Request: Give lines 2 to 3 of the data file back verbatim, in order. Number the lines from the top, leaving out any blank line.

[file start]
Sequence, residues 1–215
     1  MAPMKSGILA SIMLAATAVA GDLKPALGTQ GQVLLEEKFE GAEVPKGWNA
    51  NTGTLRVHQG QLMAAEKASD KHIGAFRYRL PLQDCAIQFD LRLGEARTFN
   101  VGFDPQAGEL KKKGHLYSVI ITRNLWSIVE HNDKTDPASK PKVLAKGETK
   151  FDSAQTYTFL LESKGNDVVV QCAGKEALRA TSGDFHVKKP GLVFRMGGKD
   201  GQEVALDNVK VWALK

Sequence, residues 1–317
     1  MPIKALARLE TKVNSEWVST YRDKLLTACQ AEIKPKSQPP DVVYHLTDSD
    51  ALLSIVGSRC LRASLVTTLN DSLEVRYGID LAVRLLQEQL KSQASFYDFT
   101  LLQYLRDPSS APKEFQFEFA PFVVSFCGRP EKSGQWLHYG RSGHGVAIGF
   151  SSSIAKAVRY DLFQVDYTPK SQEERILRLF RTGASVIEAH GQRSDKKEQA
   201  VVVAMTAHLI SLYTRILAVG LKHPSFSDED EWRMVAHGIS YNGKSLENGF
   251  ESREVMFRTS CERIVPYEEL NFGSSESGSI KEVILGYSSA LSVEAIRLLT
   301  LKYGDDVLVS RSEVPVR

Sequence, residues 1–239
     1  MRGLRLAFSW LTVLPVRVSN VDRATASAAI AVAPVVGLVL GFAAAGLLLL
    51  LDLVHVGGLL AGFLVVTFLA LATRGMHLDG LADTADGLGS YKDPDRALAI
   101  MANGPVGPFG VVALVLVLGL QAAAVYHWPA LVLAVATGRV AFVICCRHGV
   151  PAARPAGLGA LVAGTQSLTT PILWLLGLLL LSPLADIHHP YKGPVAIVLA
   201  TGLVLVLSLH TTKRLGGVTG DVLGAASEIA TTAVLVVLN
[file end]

     1  MAPMKSGILA SIMLAATAVA GDLKPALGTQ GQVLLEEKFE GAEVPKGWNA
    51  NTGTLRVHQG QLMAAEKASD KHIGAFRYRL PLQDCAIQFD LRLGEARTFN